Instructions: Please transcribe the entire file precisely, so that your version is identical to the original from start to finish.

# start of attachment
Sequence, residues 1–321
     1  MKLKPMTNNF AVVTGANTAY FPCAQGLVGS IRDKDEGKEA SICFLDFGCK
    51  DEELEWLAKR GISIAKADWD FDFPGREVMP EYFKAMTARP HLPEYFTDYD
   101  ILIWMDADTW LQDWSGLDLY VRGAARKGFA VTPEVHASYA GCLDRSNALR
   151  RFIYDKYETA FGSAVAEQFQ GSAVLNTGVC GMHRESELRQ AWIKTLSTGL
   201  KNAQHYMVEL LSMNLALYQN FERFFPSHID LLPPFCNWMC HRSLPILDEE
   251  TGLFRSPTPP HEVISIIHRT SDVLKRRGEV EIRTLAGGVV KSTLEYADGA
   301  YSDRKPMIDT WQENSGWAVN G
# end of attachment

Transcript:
Sequence, residues 1–321
     1  MKLKPMTNNF AVVTGANTAY FPCAQGLVGS IRDKDEGKEA SICFLDFGCK
    51  DEELEWLAKR GISIAKADWD FDFPGREVMP EYFKAMTARP HLPEYFTDYD
   101  ILIWMDADTW LQDWSGLDLY VRGAARKGFA VTPEVHASYA GCLDRSNALR
   151  RFIYDKYETA FGSAVAEQFQ GSAVLNTGVC GMHRESELRQ AWIKTLSTGL
   201  KNAQHYMVEL LSMNLALYQN FERFFPSHID LLPPFCNWMC HRSLPILDEE
   251  TGLFRSPTPP HEVISIIHRT SDVLKRRGEV EIRTLAGGVV KSTLEYADGA
   301  YSDRKPMIDT WQENSGWAVN G